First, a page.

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Old 06-13-2010, 07:30 PM
 
125 posts, read 995,483 times
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I was wondering why don't more community members pool their resources together and start a business that will benefit the community.

If 100 people each gave $1,000 to start a community business like a restaurant, convenience store, lawn care business, they could create jobs, and revenue for themselves and their community. you can easily start a business with $100k

I think this would be a good idea. But what are some of the drawbacks and/or obstacles that a business like this would face?

With this community coop structure the "investors" would appoint or hire managers and workers and the investors would all get an equal sharing of the profit.

Any ideas or stories about community coops?
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Old 06-14-2010, 12:31 AM
 
Location: We_tside PNW (Columbia Gorge) / CO / SA TX / Thailand
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One issue with co-ops, is you need to start with the group, not a failing business or property (as often the case). The USA lags terribly in successful co-ops, probably due to our quest of 'the ultimate capitalist wins'. Or the emphasis we place on individual success, rather than collective / group. a Co-op takes a really special group of people (and good training / follow-up).
Plenty of great examples and info on USA co-ops (Plus symposium coming soon. ) 2010 ACE Institute
ace.coop
Also search worker co-ops
Welcome | US Federation of Worker Cooperatives
Equal Exchange - Worker Owned
Network of Bay Area Worker Cooperatives (NoBAWC)*:*Index

Davis CA, Olympia, WA, Madison, WI, Minneapolis, MN all are hotbeds of co-op development

Quote:
Originally Posted by misc.random View Post
...
With this community coop structure the "investors" would appoint or hire managers and workers and the investors would all get an equal sharing of the profit. Any ideas or stories about community coops?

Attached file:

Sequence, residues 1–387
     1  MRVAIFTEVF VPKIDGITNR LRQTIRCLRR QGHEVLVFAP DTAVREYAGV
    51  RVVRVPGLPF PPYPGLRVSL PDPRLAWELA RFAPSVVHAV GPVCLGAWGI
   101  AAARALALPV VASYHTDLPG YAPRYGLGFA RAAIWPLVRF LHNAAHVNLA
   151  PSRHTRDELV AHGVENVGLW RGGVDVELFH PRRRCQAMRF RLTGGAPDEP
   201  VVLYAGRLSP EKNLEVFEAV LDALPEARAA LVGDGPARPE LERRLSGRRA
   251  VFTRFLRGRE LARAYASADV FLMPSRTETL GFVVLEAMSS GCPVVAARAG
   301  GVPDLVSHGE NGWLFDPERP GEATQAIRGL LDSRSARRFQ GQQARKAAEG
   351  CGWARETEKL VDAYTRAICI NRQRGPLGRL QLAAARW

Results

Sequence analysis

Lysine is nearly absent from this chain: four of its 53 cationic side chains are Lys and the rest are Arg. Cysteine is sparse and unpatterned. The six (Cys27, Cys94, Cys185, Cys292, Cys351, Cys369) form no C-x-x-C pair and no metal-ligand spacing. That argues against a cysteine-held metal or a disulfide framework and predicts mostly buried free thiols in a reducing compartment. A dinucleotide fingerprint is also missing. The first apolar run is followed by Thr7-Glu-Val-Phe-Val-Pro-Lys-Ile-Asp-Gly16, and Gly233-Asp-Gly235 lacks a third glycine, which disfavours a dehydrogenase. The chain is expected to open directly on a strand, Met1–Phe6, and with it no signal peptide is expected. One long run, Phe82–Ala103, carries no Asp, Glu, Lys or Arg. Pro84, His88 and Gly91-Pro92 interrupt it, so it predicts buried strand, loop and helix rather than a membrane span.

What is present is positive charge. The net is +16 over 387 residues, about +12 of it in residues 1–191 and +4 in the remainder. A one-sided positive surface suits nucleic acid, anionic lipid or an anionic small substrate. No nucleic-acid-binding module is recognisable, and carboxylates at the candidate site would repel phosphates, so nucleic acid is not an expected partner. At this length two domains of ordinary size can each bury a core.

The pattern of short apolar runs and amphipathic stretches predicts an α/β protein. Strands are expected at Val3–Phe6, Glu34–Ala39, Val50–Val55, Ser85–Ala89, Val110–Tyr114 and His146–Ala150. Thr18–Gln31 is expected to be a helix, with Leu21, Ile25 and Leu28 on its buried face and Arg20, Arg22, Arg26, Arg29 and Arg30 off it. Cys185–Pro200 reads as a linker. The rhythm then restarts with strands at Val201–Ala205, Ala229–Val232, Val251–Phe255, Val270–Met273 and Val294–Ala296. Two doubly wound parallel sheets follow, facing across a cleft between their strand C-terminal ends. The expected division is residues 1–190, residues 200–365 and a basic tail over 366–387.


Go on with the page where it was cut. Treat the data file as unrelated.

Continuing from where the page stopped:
Here is an example I like;
Powell, WY (which as a community, DID successfully re-develop a failing business 'The MERC') Granted... the people in WY are pretty special
Rural Co-Ops: Saving Shopping Options : NPR
http://trib.com/news/state-and-regio...d0f7c0d45.html
Powell Pulls Together - The Early Show - CBS News

For a serious Co-op success, look up Mondragon. They were hands down my best supplier when I was tasked with setting up a manufacturing operation in Spain. They were way more technically advanced and much more interested in growing their business (since it was THEIR business, not some 'state / trust-baby / public corp' joint that is squeezing the turnip)
Mondragon Corporation - Wikipedia, the free encyclopedia
Mondragon: A better way to go to work?

Good idea

carry on Co-ops were born from crisis, and I hope they thrive again soon!

Most serious road block today ???
'Financing' of course... Banks are not kind to co-ops. Few Credit Unions lend commercially. (ironically, since CU's are co-ops...). There are some terrific stories about CU's also (which the banks are none to proud to hear). The Federal banking controls and SEC rules are written to a 'capitalist' form of commerce. Co-ops get into a bind quickly when trying to navigate those waters without high $$ lobbyists.

Last edited by StealthRabbit; 06-14-2010 at 12:39 AM..
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Old 06-14-2010, 07:46 AM
 
125 posts, read 995,483 times